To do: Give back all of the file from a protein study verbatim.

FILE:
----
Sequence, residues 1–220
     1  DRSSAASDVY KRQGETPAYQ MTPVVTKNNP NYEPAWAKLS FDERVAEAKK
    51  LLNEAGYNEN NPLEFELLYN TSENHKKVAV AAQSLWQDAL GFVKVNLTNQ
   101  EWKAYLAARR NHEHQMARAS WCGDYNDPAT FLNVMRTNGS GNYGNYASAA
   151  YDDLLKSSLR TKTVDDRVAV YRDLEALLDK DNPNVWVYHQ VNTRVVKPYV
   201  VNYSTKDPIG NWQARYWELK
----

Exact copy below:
Sequence, residues 1–220
     1  DRSSAASDVY KRQGETPAYQ MTPVVTKNNP NYEPAWAKLS FDERVAEAKK
    51  LLNEAGYNEN NPLEFELLYN TSENHKKVAV AAQSLWQDAL GFVKVNLTNQ
   101  EWKAYLAARR NHEHQMARAS WCGDYNDPAT FLNVMRTNGS GNYGNYASAA
   151  YDDLLKSSLR TKTVDDRVAV YRDLEALLDK DNPNVWVYHQ VNTRVVKPYV
   201  VNYSTKDPIG NWQARYWELK